Why do people like poetry? How is the enjoyment of poetry unlike the enjoyment of prose? How are poetry and prose alike?

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I think that the choice between poetry and prose might be dependent on the type of experiences one has had with both as a learner of both.  In my experience, students who have had awful times with learning poetry will most probably feature a negative or disparaging view of it.  Students who have had positive experiences with it usually embrace it.  I think that the choice might be a false one because there is a spirit of greatness that runs through both, but for students I think their preference is largely determinant to their prior experiences with either.  This becomes why the teaching of both in a competant manner becomes critical, especally at the younger stages where those impressions become dominant quite quickly with experience.

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I love poetry because it is succinct.  I love how a complicated topic is dealt with in so few words or lines, but that there are infinite ways to look at and interpret those lines and words.  I especially love it because it makes me think in ways that prose doesn't...I truly have to concentrate on every word and detect the meaning (because most words have mulitiple meanings and/or connotations) that the author intended.  It's like a puzzle, and I love puzzles!

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In most cases, I think people like poetry for the special use it makes of language.  Most poems are shorter than other forms of composition (novels, short stories, plays).  This naturally forces the writer to be much more selective/disciplined in his/her choice of words/symbols/images.  This level of craftsmanship, when tied with some of the conventions of poetry (rhyme, meter etc) where they are appropriate, creates what Coleridge calls "the best words in the best order."  This works in lyric poetry, in narrative poetry, and in poetry that doesn't always look like poetry.

Since words are the major tools we have for communication, using them with great skill represents one of our highest achievements.   In prose we get words used in their broadest application and enjoy them for the scope and breath of information they give us; in poetry we appreciate the condensation and craftsmanship that brings many of the same realities to us.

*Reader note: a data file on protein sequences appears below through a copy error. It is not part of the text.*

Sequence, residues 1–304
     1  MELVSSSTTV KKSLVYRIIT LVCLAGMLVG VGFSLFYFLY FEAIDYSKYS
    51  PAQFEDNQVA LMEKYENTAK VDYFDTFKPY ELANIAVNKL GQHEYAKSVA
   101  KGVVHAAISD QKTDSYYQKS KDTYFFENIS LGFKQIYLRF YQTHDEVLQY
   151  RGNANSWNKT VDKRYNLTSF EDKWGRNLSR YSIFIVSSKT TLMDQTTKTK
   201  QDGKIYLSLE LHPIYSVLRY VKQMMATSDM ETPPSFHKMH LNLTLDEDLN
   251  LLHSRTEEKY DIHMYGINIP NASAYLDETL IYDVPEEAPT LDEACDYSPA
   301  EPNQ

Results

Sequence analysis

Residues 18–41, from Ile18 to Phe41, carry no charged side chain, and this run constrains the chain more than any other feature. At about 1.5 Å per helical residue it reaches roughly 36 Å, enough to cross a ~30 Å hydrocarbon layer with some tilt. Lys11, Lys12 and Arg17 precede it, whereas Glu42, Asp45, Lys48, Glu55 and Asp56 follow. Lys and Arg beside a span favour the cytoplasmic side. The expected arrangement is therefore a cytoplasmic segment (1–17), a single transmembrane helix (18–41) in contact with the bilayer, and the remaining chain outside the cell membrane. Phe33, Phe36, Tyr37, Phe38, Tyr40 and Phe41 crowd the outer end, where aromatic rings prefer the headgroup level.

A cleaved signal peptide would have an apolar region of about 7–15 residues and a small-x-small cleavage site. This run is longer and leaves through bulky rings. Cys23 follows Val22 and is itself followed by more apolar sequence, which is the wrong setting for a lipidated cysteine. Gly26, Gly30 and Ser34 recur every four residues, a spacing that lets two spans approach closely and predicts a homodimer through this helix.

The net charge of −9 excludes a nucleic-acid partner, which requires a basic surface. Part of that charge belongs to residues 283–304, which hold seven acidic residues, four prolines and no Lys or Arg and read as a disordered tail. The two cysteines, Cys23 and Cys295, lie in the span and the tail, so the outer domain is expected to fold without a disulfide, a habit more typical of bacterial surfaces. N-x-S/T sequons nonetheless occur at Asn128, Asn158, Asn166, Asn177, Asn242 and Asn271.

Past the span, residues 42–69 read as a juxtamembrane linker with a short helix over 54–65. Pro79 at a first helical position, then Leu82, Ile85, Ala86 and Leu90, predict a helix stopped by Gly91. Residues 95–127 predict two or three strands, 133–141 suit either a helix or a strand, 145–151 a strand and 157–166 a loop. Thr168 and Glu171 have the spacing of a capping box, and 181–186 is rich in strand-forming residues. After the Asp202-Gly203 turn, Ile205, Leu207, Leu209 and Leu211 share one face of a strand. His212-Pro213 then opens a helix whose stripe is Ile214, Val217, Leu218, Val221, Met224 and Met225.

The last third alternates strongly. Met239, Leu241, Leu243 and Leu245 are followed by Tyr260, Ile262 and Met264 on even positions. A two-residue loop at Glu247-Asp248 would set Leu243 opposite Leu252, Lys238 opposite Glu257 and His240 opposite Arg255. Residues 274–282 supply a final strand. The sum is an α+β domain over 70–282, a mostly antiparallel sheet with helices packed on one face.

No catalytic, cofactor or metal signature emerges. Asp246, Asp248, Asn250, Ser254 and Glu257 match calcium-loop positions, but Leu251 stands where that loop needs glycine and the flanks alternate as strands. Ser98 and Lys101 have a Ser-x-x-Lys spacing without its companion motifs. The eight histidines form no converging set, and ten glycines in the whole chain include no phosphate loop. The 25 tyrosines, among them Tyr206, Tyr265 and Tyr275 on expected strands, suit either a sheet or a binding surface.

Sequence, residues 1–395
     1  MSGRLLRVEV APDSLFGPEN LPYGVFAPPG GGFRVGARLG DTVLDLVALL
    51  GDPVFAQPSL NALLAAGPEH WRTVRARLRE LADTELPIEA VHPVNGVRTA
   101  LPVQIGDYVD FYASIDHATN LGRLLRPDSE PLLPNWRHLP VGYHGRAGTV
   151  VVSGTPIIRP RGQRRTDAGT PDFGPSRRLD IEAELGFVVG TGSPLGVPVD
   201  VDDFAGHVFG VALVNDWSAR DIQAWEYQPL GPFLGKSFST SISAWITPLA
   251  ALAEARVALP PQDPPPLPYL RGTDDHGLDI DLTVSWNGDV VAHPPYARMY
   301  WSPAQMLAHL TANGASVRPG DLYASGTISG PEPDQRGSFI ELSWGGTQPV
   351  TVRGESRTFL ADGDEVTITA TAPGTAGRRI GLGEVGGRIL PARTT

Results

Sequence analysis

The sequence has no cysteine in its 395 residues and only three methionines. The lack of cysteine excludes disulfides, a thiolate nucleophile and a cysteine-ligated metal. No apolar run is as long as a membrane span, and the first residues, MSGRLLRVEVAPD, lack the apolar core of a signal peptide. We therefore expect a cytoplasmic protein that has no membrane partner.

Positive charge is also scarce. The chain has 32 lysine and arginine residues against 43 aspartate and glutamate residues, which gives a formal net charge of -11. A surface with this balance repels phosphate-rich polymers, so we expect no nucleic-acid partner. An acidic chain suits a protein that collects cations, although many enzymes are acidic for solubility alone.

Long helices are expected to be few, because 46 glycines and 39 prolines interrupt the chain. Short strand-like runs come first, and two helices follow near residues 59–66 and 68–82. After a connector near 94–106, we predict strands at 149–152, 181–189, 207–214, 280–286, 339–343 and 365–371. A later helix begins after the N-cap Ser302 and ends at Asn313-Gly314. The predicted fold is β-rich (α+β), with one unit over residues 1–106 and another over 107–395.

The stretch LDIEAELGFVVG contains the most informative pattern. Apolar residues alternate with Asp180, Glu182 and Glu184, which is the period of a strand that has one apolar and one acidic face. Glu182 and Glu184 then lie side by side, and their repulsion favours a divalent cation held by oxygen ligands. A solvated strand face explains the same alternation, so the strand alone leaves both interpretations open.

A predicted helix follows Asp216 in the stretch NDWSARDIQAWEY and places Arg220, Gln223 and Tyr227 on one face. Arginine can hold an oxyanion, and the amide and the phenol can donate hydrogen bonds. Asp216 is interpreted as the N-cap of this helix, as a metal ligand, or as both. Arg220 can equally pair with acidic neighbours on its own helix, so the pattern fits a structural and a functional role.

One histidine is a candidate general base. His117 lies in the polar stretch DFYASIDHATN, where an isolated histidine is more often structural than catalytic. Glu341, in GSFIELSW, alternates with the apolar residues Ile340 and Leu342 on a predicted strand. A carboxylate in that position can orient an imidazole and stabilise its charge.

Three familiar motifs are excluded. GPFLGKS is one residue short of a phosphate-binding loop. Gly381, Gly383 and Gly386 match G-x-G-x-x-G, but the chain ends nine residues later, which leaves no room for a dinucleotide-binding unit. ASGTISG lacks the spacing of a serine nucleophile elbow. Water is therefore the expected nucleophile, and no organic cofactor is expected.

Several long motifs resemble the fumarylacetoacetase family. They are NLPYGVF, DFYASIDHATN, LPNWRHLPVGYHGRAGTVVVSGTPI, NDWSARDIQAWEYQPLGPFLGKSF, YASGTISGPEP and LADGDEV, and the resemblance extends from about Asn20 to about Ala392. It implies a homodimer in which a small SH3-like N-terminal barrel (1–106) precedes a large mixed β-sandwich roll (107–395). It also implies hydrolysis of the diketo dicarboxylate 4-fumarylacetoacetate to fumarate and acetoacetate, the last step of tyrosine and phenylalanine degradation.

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Poetry and prose are alike in that they are both forms of written communication between writer and reader; both are intended to accomplish a writer's purpose (or sometimes several purposes), and both employ literary techniques. Writers of prose express themselves in sentences, whereas poets write in lines of poetry. Poetry (which may or may not rhyme) employs rhythm to a greater extent than prose, and rhythm in a particular poem may or may not fall into regular patterns.

Readers of poetry and prose enjoy these literary forms for somewhat different reasons, but both forms are enjoyed for the effective use of language. A particular poem might be appreciated for the emotion it evokes in the reader, but the same can be said for a good short story, play, or novel. People who enjoy poetry often love its sound techniques, the rhyme and the rhythm of it. A poem may also offer very vivid imagery within only a few lines creating a strong impact upon the reader.

People who love poetry may favor certain kinds of poems. Some poems (narrative poems) tell a story, while others, like those of the imagists, simply paint a picture. The one common factor in the enjoyment of poetry seems to be this. Those who love poetry love language and what can be achieved with carefully selected words arranged artfully in lines.

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